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Willa Cather Foundation - Red Cloud Nebraska (NE)

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Willa Cather Childhood Home Restoration Underway

Willa Cather Childhood Home Restoration Underway

An empty front parlor awaits restoration.
Monday, September 26, 2022

The Willa Cather Childhood Home is a national treasure, one of only twenty-two National Historic Landmarks in Nebraska and the site most closely associated with the life and literature of one of America’s greatest novelists. The site closed August 15 to facilitate the first comprehensive restoration in over fifty years. Restoration is now underway and will be completed next summer. This project is made possible through a Save America’s Treasures grant administered by the National Park Service, which is being matched dollar-for-dollar through a private fundraising effort.

Acquired and restored in our early years, the site opened to visitors in 1967 and was gifted to the Nebraska State Historical Society in 1978. The transformative restoration will ensure the 140+-year-old home is preserved as a cultural attraction for the learning and enjoyment of future generations. The restored home will create a more immersive destination to discover family artifacts and encounter the lived world of the Cather family.

A modest one-and-a-half story frame house, the Willa Cather Childhood Home was Cather’s residence between the ages of ten to sixteen. While she moved away from Nebraska in 1896, her parents Charles and Mary Virginia Cather rented the home through 1904. Many of Cather’s best known writings depict life in Red Cloud and Webster County during Cather’s formative years. The Cather house is vividly described in The Song of the Lark, “Old Mrs. Harris,” and “The Best Years.”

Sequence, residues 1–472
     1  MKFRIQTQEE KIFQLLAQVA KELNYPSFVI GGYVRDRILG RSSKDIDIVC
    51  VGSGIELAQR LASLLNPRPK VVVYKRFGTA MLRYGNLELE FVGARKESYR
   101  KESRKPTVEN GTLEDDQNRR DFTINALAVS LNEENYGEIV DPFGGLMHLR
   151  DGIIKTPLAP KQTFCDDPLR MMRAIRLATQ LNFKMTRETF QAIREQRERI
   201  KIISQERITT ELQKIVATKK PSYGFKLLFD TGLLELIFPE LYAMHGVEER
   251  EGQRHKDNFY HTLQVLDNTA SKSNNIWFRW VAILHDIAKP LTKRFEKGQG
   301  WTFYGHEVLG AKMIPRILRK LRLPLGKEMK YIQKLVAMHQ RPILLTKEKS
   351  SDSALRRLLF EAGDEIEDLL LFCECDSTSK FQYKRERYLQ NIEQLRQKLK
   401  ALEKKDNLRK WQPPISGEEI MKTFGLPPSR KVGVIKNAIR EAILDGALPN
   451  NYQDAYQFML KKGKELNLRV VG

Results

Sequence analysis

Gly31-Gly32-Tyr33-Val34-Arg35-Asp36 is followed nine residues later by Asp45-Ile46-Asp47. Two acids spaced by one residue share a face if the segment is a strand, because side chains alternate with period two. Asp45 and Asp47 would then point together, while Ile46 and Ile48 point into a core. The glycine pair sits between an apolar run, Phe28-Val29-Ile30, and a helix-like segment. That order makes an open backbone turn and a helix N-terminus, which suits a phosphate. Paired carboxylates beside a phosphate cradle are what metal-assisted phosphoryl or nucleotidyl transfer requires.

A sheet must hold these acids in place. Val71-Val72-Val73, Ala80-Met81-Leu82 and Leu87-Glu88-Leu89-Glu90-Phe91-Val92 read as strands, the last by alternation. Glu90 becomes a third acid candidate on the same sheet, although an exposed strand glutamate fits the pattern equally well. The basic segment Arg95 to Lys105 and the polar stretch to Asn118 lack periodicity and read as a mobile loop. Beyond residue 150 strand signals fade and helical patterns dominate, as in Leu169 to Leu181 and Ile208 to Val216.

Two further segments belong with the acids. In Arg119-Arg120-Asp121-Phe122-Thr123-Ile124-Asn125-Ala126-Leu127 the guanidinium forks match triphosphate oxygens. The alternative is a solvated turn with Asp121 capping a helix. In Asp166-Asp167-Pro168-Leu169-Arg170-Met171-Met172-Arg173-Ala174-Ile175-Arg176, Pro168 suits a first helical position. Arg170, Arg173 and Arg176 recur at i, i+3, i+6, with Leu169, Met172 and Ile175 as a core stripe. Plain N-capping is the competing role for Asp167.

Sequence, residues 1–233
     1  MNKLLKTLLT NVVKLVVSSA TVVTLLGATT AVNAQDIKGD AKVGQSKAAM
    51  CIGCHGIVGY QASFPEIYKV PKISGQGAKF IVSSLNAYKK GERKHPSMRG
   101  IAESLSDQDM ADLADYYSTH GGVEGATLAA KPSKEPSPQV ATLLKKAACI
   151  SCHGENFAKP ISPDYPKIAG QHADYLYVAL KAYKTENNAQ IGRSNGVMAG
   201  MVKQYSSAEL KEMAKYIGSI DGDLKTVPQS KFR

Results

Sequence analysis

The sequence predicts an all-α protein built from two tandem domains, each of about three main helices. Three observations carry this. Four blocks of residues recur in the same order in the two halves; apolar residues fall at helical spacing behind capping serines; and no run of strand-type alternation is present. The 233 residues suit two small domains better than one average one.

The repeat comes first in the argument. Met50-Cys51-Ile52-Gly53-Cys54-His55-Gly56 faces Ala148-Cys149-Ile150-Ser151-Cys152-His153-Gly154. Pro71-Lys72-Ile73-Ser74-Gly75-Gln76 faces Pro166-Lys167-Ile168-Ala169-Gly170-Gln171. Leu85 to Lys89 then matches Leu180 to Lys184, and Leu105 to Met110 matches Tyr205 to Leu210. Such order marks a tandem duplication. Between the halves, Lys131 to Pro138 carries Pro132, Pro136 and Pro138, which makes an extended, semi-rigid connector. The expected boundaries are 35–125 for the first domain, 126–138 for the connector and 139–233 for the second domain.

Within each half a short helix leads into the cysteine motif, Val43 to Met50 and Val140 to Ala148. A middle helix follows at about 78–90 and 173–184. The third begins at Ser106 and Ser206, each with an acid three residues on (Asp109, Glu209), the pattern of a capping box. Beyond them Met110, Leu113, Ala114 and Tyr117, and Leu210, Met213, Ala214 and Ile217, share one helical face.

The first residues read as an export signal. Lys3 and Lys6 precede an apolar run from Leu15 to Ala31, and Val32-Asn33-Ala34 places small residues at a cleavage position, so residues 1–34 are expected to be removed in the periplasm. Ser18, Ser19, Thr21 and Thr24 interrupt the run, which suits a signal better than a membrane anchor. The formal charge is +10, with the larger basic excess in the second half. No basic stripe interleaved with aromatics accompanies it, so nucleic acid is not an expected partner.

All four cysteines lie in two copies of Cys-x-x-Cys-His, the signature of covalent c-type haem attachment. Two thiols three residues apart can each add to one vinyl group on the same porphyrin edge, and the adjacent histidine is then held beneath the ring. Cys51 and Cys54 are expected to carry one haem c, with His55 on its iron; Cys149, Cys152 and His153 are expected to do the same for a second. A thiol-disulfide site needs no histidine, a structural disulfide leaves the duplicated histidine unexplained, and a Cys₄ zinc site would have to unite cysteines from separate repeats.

The National Willa Cather Center took ownership of the Willa Cather Childhood Home from History Nebraska in 2019 and is committed to preserving and interpreting the landmark site, including the delicate original wallpaper Cather purchased and hung in her attic bedroom as an adolescent. Major elements of the restoration will include an accessible entrance; new climate control and electrical systems; restoration of windows and doors, new fire and intrusion alarm systems, roof replacement, foundation repair, recreation of the original fence, and conservation of the original wallpaper in Willa Cather’s bedroom.

The restoration is a key component of the National Willa Cather Center’s Campaign for the Future, which has raised over $7 million for restoration of numerous Cather-related historic properties, expansion of educational programming, development of visitor amenities, and growth of an endowment. During the construction period and leading up to the reopening, visitors are encouraged to explore the exhibits at the National Willa Cather Center and participate in guided town tours of six additional historic properties related to Cather’s life and writing. The Center’s mobile app also offers a 30-minute narrated tour of the Willa Cather Childhood Home.

We aspire to raise an additional $200,000 for the restoration, wallpaper conservation, and future interpretive enhancements to the interior and site exterior. Please consider supporting the project with a charitable gift. Pledges are payable over a five-year period. Contributions may be mailed to the Willa Cather Foundation, 413 N. Webster St., Red Cloud, NE 68970. Donations may also be made online. For more information, please contact Executive Director, Ashley Olson, at 


This project is supported by a Save America’s Treasures grant administered by the National Park Service. The NPS, in partnership with the Institute of Museum and Library Services (IMLS), the National Endowment for the Arts (NEA), and the National Endowment for the Humanities (NEH), award these matching grants to support the preservation of nationally significant historic properties and collections. The Save America’s Treasures grant uses revenue from federal oil leases for preservation and conservation projects without expending tax dollars and requires a dollar-for-dollar match in non-federal donations.

We’re also grateful to the John K. & Lynne D. Boyer Family Foundation, Mammel Foundation, Fred & Eve Simon Charitable Foundation, the Dinsdale Family, and an anonymous supporter for their gifts to the restoration effort.